After taking Tuesday and Thursday off following their first-round sweep, the Warriors practiced for a second straight day Saturday. They plan to practice again on Sunday and then again Monday once they know their second-round opponent.

There is no update on the status of coach Steve Kerr, who missed the final two games of the first round because of complications from two back surgeries. Kerr talks daily with interim coach Mike Brown and took part in coaching meetings Friday but was not at practice on Saturday.

PBT Extra: Rockets vs. Spurs far more than Kawhi Leonard vs. James Harden

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Kawhi Leonard vs. James Harden. Two MVP candidates matching up in the second round of the NBA playoffs.

However, the San Antonio Spurs vs. Houston Rockets is much more than that.

It’s a battle of pace. It’s a chess match between two of the best coaches in the game. It’s about which team’s role players are going to step up.

I talk about all of that in this latest PBT Extra. Plus, of course, when Leonard will guard Harden.

How to start your Saturday night: Watching 15 minutes of best plays from NBA season

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There are no NBA playoff games Saturday night, the first night since the start of the postseason there hasn’t been one game. Don’t worry, there are two games on Sunday, including Game 7 between the Jazz and Clippers.

But if you need a Saturday night fix, this will have to do: 15 minutes of the best plays from last season, as compiled by NBA.com.

Go ahead, watch it. You’ve got nothing better to do.

 

Paul Millsap says the expected, he will “most likely” opt out of contract

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This is ranked right next to “overeating can lead to weight gain” on the list of surprising things, but we will dutifully report it anyway:

Paul Millsap is going to opt out and officially become a free agent this summer.

Atlanta’s owner as well as Mike Budenholzer, the coach and head of basketball operations, have both said they plan to do whatever it takes to re-sign Millsap with the Hawks. Millsap didn’t sound like someone eager to leave after the Hawks were eliminated from the playoffs Friday.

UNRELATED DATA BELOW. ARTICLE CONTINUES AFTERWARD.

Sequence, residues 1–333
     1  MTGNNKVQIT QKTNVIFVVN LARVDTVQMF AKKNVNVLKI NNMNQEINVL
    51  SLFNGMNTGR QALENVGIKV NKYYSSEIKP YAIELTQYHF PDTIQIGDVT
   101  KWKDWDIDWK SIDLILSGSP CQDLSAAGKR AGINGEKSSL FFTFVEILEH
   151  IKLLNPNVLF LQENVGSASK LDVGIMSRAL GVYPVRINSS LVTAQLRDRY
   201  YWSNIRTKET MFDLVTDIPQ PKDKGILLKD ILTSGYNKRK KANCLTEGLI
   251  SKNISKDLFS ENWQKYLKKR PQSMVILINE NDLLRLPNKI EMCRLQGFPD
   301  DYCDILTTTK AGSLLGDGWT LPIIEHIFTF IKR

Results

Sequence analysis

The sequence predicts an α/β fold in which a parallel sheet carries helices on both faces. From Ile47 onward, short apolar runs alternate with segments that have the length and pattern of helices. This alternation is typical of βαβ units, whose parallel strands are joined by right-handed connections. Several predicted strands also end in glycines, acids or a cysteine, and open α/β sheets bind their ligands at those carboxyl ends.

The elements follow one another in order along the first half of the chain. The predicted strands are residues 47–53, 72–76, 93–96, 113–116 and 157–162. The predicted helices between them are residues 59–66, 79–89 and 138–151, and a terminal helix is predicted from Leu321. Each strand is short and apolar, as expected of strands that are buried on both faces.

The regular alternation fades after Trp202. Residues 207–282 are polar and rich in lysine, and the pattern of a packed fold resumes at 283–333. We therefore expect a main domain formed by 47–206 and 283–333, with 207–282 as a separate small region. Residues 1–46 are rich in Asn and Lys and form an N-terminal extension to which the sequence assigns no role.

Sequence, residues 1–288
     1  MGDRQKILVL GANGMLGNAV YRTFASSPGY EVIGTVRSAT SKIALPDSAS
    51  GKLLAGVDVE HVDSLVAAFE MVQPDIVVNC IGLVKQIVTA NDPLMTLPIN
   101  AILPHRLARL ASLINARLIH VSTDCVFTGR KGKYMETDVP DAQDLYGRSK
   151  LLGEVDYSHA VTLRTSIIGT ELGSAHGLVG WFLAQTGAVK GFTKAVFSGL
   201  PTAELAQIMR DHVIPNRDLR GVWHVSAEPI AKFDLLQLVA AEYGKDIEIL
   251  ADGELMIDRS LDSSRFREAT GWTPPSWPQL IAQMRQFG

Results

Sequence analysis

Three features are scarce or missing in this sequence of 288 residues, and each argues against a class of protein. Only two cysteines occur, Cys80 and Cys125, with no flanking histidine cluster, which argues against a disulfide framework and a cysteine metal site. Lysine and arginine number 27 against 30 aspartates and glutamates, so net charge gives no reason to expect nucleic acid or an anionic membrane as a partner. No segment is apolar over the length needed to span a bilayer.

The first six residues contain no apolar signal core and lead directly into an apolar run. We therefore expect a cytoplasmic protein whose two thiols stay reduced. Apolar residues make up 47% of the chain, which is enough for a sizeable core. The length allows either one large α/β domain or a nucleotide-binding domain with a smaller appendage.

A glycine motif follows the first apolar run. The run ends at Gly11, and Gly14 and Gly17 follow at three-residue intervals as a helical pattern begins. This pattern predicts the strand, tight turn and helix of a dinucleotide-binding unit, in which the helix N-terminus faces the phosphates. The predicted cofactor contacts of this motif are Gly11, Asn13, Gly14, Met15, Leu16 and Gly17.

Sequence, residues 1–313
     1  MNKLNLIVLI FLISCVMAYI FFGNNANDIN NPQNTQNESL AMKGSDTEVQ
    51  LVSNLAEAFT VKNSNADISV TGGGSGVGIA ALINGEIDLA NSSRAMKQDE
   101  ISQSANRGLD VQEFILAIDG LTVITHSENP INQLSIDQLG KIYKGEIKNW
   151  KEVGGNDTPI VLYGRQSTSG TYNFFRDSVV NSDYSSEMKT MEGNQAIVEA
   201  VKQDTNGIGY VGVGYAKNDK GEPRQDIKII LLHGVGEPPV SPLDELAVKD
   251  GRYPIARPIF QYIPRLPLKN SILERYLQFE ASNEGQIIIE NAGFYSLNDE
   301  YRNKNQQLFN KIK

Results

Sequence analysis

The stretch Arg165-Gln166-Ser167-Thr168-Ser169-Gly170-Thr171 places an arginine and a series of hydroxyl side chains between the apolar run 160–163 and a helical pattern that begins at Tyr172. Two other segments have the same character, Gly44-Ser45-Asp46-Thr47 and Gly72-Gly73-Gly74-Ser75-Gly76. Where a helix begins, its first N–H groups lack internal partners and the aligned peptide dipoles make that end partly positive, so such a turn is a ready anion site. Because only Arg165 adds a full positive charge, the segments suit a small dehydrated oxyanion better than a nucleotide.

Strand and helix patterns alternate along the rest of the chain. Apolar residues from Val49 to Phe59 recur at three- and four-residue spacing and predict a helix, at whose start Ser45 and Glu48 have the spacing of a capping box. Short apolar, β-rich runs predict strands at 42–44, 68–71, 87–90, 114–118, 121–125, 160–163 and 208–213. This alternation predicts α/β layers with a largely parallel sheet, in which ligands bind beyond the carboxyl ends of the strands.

“It’s been great. I’m looking to expand this and see where the franchise can go. These last four years has been great. I couldn’t ask for anything more.”

Even with both sides singing Kumbaya, keeping Millsap in Atlanta likely means a five-year contract at or near the max, which for a 32-year-old player means the Hawks would regret the last year or two of that deal.

Not that the Hawks have much of a choice here, they have to come in big and keep him. For one, they can’t afford to lose Al Horford and then Millsap for nothing in back-to-back years. If they were going down the rebuilding road, they needed to trade Millsap at the deadline (or last summer) to make sure they got something in return. Atlanta explored trade options at the deadline, but then pulled back (rumored to be because of an edict from ownership, which didn’t want to see the team blown up after the Kyle Korver trade).

By not making that trade the Hawks signaled their intention to remain a good team — a 43-win team this season that got them the five seed — with Dennis Schroder and Dwight Howard, one that draws well at an arena that historically has not been that full, and see if they can add on. They strike me as a team that will win between 42-50 games a year and be middle of the pack in the East for the next few years, unless they can find a way to add an elite player (which is incredibly difficult).

But if the Hawks can’t re-sign Millsap, then the plan gets blown up. So expect them to come in with a big offer come July 1.